[Footnote 81: Nouvelle Serie, t. xxxiv. p. 196.]
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THE GLACIERE OF FONDEURLE, IN DAUPHINE.
There cannot be any better place for recruiting strength than the lovely primitive valley of Les Plans, two hours up the course of the Avencon from hot and dusty Bex. Here I rejoined my sisters, intending to spend a month with them before returning to England; and the neighbouring glaciers afforded good opportunities for quietly investigating the structure of the ice which composes them, with a view to discovering, if possible, some trace of the prismatic formation so universal in the glacieres. On one occasion, after carefully cutting steps and examining the faces of cleavage for an hour and a half, I detected a small patch of ice, under the overhanging rim of a crevasse, marked distinctly with the familiar network of lines on the surface; but I was unable to discover anything betokening a prismatic condition of the interior. This was the only case in which I saw the slightest approach to the phenomena presented in ice-caves.
There remained one glaciere on M. Thury’s list, which I had so far not thought of visiting. It was described as lying three leagues to the north of Die in Dauphine, department of the Drome, at an altitude of more than 5,000 feet above the sea. M. Hericart de Thury discovered this cavern in 1805, and published an account of it in the Annales des Mines to which M. Thury’s list gave a reference. I have since found that this account has been translated into various scientific periodicals, among others the Philosophical Journal of Edinburgh. It occurred to me that, by leaving Les Plans a few days earlier than I had intended, I could take advantage of the new line connecting Chambery and Grenoble and Valence, and so visit this glaciere without making the journey too long; and accordingly I bade farewell to Madame Cherix’s comfortable room, leaving my sisters in their quarters in a neighbouring chalet, and started for Geneva.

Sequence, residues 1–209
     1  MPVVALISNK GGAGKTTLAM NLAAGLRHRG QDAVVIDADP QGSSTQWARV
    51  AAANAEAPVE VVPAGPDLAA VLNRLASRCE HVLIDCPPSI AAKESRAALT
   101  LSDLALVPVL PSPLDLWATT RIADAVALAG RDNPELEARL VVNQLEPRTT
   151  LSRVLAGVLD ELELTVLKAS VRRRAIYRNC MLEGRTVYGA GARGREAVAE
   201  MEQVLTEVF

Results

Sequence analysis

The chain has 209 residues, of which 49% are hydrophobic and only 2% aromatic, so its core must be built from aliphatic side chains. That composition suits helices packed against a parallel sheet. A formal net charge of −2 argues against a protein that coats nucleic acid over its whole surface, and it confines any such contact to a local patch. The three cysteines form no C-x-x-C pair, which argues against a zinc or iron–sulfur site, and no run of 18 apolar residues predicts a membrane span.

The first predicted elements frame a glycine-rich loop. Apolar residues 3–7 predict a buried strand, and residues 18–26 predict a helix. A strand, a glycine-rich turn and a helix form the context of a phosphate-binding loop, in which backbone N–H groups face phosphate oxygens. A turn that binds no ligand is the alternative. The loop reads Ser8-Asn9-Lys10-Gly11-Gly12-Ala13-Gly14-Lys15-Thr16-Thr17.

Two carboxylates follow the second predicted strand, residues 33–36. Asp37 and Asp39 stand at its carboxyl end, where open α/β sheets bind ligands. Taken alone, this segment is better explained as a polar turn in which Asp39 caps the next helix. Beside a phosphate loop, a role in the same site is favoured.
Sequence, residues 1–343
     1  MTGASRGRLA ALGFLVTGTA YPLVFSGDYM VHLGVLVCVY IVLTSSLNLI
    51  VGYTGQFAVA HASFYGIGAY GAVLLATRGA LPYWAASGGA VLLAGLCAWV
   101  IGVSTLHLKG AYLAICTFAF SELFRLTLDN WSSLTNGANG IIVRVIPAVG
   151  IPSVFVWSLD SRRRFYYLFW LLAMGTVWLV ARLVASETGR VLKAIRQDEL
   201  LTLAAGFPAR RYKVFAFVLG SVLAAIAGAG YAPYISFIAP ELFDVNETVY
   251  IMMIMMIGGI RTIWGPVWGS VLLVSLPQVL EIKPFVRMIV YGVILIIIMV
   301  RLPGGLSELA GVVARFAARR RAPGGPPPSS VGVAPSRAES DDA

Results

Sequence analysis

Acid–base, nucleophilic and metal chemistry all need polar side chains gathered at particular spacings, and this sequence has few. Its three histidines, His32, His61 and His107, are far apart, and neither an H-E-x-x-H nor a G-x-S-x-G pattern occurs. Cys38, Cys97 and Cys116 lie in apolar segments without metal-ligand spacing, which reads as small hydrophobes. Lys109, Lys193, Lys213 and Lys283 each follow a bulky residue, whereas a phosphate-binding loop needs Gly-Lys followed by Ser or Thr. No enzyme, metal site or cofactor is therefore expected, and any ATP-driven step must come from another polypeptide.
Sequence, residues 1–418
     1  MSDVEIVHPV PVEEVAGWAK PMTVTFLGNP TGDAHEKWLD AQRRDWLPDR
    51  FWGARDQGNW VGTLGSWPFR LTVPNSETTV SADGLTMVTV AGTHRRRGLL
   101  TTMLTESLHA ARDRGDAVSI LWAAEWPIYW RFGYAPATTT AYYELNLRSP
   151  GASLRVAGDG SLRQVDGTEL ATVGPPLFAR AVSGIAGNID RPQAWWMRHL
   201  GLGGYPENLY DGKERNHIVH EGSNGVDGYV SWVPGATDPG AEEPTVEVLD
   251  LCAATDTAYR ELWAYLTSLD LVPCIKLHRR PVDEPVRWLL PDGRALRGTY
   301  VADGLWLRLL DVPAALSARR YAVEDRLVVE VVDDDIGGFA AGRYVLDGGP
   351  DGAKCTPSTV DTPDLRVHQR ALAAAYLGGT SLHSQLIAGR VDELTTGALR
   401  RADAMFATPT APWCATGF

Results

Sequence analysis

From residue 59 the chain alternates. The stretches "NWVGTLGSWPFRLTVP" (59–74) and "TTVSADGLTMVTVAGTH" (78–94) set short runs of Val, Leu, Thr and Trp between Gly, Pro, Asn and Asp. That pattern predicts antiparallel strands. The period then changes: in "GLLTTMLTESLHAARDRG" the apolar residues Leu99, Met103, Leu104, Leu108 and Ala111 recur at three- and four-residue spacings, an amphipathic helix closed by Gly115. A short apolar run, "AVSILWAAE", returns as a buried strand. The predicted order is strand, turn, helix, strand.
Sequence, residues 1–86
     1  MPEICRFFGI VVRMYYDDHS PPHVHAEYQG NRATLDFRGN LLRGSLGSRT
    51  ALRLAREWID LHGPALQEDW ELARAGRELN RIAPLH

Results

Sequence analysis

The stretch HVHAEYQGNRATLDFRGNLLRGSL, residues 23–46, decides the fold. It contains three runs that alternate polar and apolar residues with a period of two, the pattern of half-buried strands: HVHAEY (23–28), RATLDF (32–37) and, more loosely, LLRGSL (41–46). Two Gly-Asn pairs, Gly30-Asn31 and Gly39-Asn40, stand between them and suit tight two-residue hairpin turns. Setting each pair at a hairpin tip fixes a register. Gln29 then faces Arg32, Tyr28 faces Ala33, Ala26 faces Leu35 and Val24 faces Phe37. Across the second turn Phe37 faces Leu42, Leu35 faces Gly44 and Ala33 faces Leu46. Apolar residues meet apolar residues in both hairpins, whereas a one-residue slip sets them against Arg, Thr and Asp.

The line was advertised to open on the 15th of August; but on the 16th the officials declared that it was not within a month and a half of completion, so that I was compelled to go round by Lyons. I was easily reconciled to this by the opportunity thus afforded of a visit to the ancient city of Vienne, which well repays inspection. Its history is a perfect quarry of renowned names, Roman, Burgundian, and ecclesiastical. Tiberius Gracchus left his mark upon the city, by bridling the Rhone—impatiens pontis—with the earliest bridge in Gaul: and here tradition has it that the great Pompey loved magnificently one of his many loves; while the site of the Praetorium in which Pontius Pilate is said to have given judgment can still be pointed out. The true Mount Pilate